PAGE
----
True confessions, I’m a huge Warrior fan.  And I’m passionate about fashion and the changing landscape of retail.  In light of our recent Game 7 win, let’s think about what we can learn from the Warriors’ success:


1. Hire a great coach.

Steve Kerr is extraordinary. He’s one of those leaders who builds a group out of individuals. He’s honest, open, and admits to not having all the answers. But there is no doubt he’s in charge, believes in his team, and has passion for what he’s doing. We need leaders in our industry who can confidently navigate us to the right mix of products that engages our customers. We need hands-on leaders, who incorporate listening and collaboration into leadership.  

2. Have more than one superstar

The Warriors have four. Not prima donnas, but superstars who worked hard to get there, and work hard every day.  They set a great example for the team. Every brand needs a passionate, dedicated team that is willing to do the work to make every decision the best possible decision for the brand at that time.  During my time in retail in both NYC and San Francisco, I have been lucky enough to work on teams that have a few superstars. It was a huge help to me as I learned and honed my skills to have someone to look up to, to model myself after, and to be inspired by.

3. Build a strong support team

Owner Joe Lacobs was never happy with ex-coach Mark Jackson due to his unwillingness to hire top assistants. This has not been a problem for Steve Kerr. He hired Ron Adams, a defensive expert with 20 years’ experience, and Alvin Gentry, a former head coach with 25 years’ experience, to run the offense. Make sure you have a best in class marketing VP, head merchant, sourcing director, and CFO.  Then you can trust them to work together and lead their teams. I’ve rarely seen a brand where all these teams are strong at the same time. It’s critical that they are.

4. Make sure your team has a range of ages/generations

The Warriors range in age from 22 – 37. The organization has 30-year veterans like Jim Barnett, a fantastic TV analyst, and Steve Nash, a Player Development Specialist, who has been with the team for 3 years, and everything in between.  A study from Malcolm Gladwell reported that the best possible outcomes happen when companies have a mix of experienced and new, fresh voices. I believe this is equally true in our industry.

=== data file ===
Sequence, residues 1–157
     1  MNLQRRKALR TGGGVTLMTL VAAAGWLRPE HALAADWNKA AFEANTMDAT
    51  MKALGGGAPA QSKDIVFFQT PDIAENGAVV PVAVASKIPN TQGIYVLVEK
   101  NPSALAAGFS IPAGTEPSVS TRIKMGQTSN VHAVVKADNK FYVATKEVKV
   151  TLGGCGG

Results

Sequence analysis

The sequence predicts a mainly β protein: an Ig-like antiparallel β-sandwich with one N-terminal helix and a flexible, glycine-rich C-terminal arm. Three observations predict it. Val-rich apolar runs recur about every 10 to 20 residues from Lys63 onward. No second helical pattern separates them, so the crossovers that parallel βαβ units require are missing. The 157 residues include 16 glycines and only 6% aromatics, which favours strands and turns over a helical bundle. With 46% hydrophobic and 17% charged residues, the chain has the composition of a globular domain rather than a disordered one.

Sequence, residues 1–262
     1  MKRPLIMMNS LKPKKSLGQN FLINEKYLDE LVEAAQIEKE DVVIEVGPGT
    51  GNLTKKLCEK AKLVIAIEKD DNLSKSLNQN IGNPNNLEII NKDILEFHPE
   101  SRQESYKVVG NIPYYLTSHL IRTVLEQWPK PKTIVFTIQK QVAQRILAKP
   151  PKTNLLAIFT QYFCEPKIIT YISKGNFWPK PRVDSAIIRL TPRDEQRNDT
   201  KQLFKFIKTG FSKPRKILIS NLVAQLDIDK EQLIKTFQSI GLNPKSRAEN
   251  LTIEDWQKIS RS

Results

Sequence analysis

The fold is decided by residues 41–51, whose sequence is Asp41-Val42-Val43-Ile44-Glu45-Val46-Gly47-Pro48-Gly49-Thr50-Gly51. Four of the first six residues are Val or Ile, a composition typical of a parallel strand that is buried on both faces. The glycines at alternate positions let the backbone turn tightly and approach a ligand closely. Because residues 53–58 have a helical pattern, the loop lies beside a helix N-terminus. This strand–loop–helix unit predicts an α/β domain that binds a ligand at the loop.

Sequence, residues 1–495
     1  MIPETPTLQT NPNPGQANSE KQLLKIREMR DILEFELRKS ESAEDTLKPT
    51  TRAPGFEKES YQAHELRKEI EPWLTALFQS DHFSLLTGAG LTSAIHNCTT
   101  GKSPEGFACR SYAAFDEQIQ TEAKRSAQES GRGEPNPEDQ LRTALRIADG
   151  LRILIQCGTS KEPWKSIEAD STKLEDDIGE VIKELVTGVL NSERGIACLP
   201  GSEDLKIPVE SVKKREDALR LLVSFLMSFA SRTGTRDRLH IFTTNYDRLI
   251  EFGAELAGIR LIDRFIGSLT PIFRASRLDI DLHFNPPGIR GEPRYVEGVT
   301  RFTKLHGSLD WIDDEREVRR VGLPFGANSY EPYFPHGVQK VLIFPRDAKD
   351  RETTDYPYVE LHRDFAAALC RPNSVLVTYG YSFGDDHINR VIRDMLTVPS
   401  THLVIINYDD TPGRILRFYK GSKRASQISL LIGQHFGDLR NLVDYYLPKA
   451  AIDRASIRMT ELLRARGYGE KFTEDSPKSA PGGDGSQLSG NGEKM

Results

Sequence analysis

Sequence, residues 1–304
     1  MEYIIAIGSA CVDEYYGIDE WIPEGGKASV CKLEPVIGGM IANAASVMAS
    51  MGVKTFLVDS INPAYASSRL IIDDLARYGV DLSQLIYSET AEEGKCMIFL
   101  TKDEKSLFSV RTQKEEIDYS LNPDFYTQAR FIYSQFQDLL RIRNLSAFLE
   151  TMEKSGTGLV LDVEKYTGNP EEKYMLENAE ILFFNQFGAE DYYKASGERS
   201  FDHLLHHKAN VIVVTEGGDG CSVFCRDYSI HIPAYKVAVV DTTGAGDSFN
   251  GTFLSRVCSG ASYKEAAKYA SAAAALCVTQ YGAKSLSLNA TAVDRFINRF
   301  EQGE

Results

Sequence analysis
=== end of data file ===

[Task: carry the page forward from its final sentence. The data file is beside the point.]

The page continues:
May 10, 2016; Oakland, CA, USA; NBA former player Steve Nash (left) and Golden State Warriors guard Stephen Curry (right) pose with the NBA Most Valuable Player trophies at Oracle Arena. Mandatory Credit: Kyle Terada-USA TODAY Sports

5. Continuous improvement

The Warriors, both as a team and as individuals are willing to make game day decisions. Defenses must be adjusted, and offenses may need to go with who has the hot hand. This is critical for brands as well.  The siloed set ups many brands currently live with don’t allow them to shift when the customers’ preferences shift, resulting in a department full of plaid shirts when ½ that investment should have been shifted to another category. Find a way to create that flexibility that sends you out onto the floor with the best strategy for that moment in time.

6. Community Involvement

Community involvement is a big part of who the Warriors are off the field,  but perhaps more importantly, it impacts how their fans think about them and creates a brand that is unique and special. Customers today care about who you are as a brand, and want to know that you stand for something meaningful.  Find your way to contribute, and make it part of your story.


Hopefully, the Warriors will go on to win it all against the Cavs in the next few weeks.  But whether they do or don’t, we can be inspired by what makes them great and use it to inspire us to create our own winning teams.  

– Joan Maxwell, senior advisor to MakerSights

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